Table of Contents ⇨
Preferred IUPAC name
p-Cymene (no longer recommended )
3D model ( JSmol)
|Molar mass||134.21 g/mol|
|Melting point||−68 °C (−90 °F; 205 K)|
|Boiling point||177 °C (351 °F; 450 K)|
|×10−4 cm3/mol −1.028|
|Flash point||47 °C (117 °F; 320 K)|
|435 °C (815 °F; 708 K)|
Except where otherwise noted, data are given for materials in their standard state (at 25 °C [77 °F], 100 kPa).
|what is ?)(|
p-Cymene is a naturally occurring aromatic organic compound. It is classified as an alkylbenzene related to a monoterpene. Its structure consists of a benzene ring para-substituted with a methyl group and an isopropyl group. p-Cymene is insoluble in water, but miscible with organic solvents.
In addition to p-cymene, two less common geometric isomers are o-cymene, in which the alkyl groups are ortho-substituted, and m-cymene, in which they are meta-substituted. p-Cymene is the only natural isomer, as expected from the terpene rule. All three isomers form the group of cymenes.
p-Cymene is a common ligand for ruthenium. The parent compound is [(η6-cymene)RuCl2]2. This half-sandwich compound is prepared by the reaction of ruthenium trichloride with the terpene α- phellandrene. The osmium complex is also known.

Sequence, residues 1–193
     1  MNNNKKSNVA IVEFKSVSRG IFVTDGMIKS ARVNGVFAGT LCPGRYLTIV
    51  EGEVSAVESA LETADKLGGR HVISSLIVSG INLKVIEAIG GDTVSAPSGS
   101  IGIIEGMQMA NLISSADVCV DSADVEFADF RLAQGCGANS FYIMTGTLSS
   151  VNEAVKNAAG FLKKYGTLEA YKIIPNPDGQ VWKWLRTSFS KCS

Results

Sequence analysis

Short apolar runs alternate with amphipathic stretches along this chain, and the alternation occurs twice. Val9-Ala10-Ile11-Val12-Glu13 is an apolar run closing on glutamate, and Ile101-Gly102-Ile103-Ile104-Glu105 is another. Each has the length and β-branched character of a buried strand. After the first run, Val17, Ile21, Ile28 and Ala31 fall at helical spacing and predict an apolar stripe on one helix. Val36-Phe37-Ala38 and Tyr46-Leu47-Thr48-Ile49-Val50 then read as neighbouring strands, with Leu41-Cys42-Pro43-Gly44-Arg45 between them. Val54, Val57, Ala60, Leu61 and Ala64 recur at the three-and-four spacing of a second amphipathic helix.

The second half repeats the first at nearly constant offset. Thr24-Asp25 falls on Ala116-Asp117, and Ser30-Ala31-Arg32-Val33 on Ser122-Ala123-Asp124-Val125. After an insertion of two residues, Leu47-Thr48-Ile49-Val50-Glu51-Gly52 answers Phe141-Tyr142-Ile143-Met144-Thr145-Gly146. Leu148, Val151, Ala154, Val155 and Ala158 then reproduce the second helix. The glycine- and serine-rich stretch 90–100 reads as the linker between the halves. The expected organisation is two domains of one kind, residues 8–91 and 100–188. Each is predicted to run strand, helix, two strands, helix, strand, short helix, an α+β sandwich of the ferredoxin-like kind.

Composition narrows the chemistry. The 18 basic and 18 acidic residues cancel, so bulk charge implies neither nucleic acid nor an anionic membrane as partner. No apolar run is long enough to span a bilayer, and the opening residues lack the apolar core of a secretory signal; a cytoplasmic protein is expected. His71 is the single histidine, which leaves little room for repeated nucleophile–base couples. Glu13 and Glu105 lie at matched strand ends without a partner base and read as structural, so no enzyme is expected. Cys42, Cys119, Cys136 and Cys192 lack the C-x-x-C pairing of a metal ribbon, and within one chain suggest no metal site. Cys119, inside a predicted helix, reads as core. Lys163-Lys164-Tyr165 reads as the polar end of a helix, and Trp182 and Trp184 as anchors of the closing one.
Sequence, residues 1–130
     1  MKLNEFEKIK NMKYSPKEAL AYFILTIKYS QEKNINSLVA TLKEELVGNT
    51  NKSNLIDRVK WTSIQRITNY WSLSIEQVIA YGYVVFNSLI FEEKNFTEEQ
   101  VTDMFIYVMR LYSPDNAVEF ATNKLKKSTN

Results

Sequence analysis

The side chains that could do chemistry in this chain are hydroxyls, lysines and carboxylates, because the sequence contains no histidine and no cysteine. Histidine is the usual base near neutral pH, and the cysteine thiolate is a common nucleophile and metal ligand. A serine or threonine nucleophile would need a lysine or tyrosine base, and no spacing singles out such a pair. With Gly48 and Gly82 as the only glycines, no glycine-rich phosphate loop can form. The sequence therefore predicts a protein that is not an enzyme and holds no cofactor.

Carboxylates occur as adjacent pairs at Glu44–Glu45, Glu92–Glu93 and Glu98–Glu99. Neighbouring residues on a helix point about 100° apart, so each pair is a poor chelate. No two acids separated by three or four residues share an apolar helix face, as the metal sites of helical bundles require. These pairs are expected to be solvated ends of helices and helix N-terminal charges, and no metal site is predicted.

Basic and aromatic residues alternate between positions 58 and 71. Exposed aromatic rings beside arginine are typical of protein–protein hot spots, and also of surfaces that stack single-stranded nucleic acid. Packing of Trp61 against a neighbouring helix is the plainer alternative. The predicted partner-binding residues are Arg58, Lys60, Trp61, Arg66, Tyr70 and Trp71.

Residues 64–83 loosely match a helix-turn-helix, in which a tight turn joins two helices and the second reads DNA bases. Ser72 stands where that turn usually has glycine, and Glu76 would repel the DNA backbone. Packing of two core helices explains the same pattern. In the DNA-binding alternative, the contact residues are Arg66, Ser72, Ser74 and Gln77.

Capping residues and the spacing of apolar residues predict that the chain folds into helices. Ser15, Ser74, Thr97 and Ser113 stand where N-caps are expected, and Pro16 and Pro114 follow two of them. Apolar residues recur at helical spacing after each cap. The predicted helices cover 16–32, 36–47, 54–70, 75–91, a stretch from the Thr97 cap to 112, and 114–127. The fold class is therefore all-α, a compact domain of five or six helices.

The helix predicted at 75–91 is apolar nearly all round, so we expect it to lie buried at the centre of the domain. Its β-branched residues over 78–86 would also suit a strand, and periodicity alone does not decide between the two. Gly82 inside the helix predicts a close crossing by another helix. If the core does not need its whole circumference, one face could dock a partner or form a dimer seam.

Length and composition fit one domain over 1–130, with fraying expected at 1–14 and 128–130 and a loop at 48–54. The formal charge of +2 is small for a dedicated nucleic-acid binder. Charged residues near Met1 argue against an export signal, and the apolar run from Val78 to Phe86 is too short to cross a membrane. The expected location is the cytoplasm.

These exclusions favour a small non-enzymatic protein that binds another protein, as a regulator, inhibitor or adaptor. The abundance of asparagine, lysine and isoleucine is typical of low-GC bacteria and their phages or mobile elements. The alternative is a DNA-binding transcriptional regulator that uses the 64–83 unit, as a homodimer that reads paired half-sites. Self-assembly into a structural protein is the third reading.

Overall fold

Hydrogenation gives the saturated derivative p-menthane.
- Nomenclature of Organic Chemistry: IUPAC Recommendations and Preferred Names 2013 (Blue Book). Cambridge: The Royal Society of Chemistry. 2014. pp. 139, 597. doi: 10.1039/9781849733069-FP001. ISBN 978-0-85404-182-4.
- Vora, Bipin V.; Kocal, Joseph A.; Barger, Paul T.; Schmidt, Robert J.; Johnson, James A. (2003). "Alkylation". Kirk‐Othmer Encyclopedia of Chemical Technology. doi: 10.1002/0471238961.0112112508011313.a01.pub2.
- Bennett, M. A.; Huang, T.-N.; Matheson, T. W.; Smith, A. K. (1982). "(η6-Hexamethylbenzene)Ruthenium Complexes". Inorganic Syntheses. 21: 74–78. doi: 10.1002/9780470132524.ch16.